Knowing the playgrounds were due to be replaced, community association members approached their councillor to see if a splash pad was doable at the same time.
“We’ve been talking about the sad Calzavara Park as it is right now,” said Hirst. “There’s room for something exciting to happen there.”
While Hunt Club Park residents enjoy using the wading pool at Elizabeth Manley Park near Conroy Road and Blohm Drive, where the association hosts its annual summer carnival, for some families it's just too far to walk to, particularly for many living in co-operative housing on Forestglade Crescent off Blohm Drive.
“That's a good two kilometers for them to walk,” Hirst said. “But if they go to Calzavara, it's like half a kilometer. That’s perfect.
“Now we’ve got our bases covered. There’s something for everyone in Hunt Club Park to walk to.”
Some funds for a community improvement project had already been set aside when the surrounding development was constructed by Larco Homes several years ago. That pot of money is, in part, allowing the splash pad dream to become reality.
While Deans declined to provide the estimated cost of the splash pad ahead of the tendering process, she said the new junior play structure is estimated to cost $73,000 while the play equipment for older children is budgeted at $105,000 for a total of $178,000.
Community association members and residents are invited to view three splash pad designs and three play structure designs as well as an overall concept for the entire layout during a Hunt Club Park Community Association meeting on March 26 at Thomas More Public School in the library at 7 p.m.
March 11, 2015
More women needed on city council to reflect female residents: councillor
By Erin McCracken
Seventeen per cent of Ottawa city councillors are women – not enough, says one veteran councillor.
“That’s four of 24. It’s the worst it’s ever been in my time on council,” said Gloucester-Southgate Coun. Diane Deans, who has been a councillor since 1994. “The United Nations says that you need a minimum of 30 per cent women to reflect the values and the goals and the needs of women.”
Provincially and federally, the numbers aren’t much better, and at the municipal level, Ottawa is going the wrong way, Deans told the crowd of women – community leaders, city employees and business owners in Ottawa – who gathered for a breakfast at a condominium ballroom in the Hunt Club community on March 6 in recognition of International Women’s Day.
“And so we have work to do on the next ballot at the next election,” said Deans.
She first hosted her women’s day breakfast in her Hunt Club home in 1997. It outgrew the space and was relocated to the highrise on Rivergate Way 11 years ago.
“We need to have competent, confident women on that ballot and we need to get them elected and we need to help them.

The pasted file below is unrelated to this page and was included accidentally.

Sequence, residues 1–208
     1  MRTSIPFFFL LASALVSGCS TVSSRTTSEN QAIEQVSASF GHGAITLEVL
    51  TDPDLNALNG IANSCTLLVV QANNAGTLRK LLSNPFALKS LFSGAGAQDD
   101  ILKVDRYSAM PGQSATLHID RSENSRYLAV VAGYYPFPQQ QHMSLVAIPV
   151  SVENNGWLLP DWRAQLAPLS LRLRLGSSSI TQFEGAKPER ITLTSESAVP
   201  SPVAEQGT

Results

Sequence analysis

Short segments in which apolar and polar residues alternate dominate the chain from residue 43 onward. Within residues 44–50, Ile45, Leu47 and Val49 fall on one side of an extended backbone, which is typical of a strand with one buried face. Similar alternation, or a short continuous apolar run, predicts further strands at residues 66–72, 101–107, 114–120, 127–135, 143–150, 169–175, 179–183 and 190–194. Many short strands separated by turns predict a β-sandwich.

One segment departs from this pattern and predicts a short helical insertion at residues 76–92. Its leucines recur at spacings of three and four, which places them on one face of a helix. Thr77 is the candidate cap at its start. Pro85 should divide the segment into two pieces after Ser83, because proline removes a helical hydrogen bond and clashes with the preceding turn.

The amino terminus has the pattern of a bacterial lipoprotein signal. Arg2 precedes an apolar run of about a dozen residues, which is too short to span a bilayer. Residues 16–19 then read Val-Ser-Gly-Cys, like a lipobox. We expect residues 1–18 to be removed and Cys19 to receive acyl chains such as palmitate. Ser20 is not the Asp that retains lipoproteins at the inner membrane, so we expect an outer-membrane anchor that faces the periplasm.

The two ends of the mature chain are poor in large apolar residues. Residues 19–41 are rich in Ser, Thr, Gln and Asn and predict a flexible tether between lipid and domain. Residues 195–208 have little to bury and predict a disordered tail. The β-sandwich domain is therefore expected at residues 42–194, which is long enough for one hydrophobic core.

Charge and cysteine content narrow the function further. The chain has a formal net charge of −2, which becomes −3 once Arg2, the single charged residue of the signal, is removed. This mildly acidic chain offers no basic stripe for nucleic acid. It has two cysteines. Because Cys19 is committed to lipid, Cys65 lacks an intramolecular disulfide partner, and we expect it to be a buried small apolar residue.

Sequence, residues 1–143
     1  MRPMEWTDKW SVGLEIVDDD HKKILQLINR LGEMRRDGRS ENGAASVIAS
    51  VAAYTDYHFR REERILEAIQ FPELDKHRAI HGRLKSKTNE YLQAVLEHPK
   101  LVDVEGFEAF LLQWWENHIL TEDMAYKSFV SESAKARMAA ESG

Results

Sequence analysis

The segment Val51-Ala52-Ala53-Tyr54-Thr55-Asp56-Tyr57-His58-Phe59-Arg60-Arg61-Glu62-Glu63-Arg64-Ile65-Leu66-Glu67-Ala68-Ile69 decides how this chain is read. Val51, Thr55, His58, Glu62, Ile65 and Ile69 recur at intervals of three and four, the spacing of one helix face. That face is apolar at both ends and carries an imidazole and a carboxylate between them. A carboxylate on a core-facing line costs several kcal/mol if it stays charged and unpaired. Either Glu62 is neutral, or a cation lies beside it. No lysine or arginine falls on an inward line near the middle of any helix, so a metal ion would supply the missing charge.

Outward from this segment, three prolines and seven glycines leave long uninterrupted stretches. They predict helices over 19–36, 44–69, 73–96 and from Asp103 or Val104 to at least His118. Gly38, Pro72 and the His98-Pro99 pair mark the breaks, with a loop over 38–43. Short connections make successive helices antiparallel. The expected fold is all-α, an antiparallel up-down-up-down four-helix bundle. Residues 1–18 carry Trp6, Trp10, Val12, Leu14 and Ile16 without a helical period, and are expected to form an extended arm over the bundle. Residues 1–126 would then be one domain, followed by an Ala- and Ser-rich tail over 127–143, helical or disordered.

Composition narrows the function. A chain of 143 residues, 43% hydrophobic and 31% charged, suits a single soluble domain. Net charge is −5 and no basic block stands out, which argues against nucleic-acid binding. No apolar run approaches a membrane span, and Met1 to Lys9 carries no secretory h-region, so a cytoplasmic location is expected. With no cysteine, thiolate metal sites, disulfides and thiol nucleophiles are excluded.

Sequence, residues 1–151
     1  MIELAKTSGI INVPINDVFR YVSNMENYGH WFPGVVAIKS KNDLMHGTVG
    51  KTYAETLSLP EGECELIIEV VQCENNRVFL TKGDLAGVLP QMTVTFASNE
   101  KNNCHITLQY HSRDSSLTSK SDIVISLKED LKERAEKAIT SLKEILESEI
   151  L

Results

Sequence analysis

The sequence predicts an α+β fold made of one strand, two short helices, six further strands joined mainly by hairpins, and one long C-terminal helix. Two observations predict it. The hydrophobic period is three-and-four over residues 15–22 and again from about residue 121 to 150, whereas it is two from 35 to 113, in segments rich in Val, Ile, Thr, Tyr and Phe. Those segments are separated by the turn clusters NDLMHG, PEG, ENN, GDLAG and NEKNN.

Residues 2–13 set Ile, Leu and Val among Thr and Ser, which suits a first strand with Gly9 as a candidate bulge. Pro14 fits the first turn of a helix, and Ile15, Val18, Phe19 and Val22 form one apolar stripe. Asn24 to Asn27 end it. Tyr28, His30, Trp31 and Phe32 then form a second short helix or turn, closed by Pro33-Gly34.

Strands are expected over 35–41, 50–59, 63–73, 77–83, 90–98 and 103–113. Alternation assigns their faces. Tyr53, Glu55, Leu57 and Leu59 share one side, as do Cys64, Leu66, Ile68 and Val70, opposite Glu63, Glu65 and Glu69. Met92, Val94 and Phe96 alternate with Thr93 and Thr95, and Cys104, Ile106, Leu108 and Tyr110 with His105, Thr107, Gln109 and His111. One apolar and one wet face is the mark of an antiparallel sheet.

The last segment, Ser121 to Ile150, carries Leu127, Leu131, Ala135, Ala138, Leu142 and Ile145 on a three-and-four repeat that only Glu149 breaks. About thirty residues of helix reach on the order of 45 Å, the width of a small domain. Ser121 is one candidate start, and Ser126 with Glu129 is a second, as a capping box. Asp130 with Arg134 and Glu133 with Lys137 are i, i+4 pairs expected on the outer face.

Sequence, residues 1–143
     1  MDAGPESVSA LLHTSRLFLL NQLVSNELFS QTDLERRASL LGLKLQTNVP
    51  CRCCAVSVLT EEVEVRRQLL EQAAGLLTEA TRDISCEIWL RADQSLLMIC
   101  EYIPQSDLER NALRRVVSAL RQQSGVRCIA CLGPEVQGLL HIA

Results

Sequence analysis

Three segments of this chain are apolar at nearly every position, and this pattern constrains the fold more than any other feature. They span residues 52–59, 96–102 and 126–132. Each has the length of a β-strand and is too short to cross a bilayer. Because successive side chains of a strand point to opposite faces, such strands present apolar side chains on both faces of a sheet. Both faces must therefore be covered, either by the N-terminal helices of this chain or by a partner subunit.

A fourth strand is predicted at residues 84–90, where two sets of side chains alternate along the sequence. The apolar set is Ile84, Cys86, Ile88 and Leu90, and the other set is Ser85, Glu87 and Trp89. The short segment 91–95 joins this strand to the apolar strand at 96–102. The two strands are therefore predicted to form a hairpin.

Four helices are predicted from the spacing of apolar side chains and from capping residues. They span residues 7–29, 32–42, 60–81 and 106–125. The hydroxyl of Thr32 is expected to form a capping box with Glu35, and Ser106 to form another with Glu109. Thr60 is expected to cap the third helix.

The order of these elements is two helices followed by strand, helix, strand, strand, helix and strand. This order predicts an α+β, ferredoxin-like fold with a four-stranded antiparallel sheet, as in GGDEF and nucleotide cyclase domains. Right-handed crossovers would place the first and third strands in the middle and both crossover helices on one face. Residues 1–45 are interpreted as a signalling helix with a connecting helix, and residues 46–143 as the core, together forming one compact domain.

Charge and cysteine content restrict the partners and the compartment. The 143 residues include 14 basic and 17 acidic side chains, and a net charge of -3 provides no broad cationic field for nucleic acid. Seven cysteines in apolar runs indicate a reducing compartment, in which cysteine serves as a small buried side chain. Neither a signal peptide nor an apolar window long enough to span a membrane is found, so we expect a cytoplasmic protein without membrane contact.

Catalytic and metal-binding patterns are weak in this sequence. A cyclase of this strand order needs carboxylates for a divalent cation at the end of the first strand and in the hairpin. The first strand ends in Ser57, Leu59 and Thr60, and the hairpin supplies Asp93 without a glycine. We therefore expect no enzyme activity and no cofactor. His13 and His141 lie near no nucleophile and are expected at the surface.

“And it doesn’t start in 2018. It starts now.”
Rosemary Thompson, who, for 22 years, was a journalist with CTV News before becoming director of communications and public affairs at the National Arts Centre five years ago, also shared a positive message that was printed on invitations for the event: “Be idealistic, be brave and believe you can build a better Canada.”
By taking on risks and challenges, Thompson “has changed the world of those around her and she continues to inspire that change as a leader in our community,” Deans said while introducing her guest speaker for the breakfast.
As a journalist, Thompson covered wars, terror attacks and seven federal election campaigns.
“When you look back at her achievements, she covered the 1995 referendum in Quebec. She was the first woman to be named a CTV correspondent in Washington where she covered the 9/11 attacks, she organized the royal visit to NAC and last, but by no means least, she’s a mother and she’s raising a family,” said Deans.
In her speech, Thompson largely talked of the NAC’s vision, but also about her career at CTV News.
Thompson said she always worked for male bosses in what traditionally has been a male-dominated field, some of whom helped propel her journalism career, “particularly the one who sent me to Washington,” she said of Henry Kowalski.
“He hired me when I had a six-month-old baby and he said to me, ‘Rosemary, I don’t mind that you’re a mother. I think this is a good thing. I’m going to make you the Montreal bureau chief.’”
When Thompson had her second baby, Kowalski told her, “‘Babies are career enhancing. I’m sending you to Washington,’” she recalled. “So he was a very important, sort of, mentor in my life that was a man.”
In addition to reminding those gathered that there is still work to do in achieving “absolute equality,” Deans also assigned them some homework
At the dinner table, through chats with neighbours and their children, Deans encouraged her guests to promote women, which she said will go a long way to making a positive difference.
“I think it’s certainly important that we tell our stories, and that we get up there and talk about women and leadership, we talk about advancing women and help each other,” she said.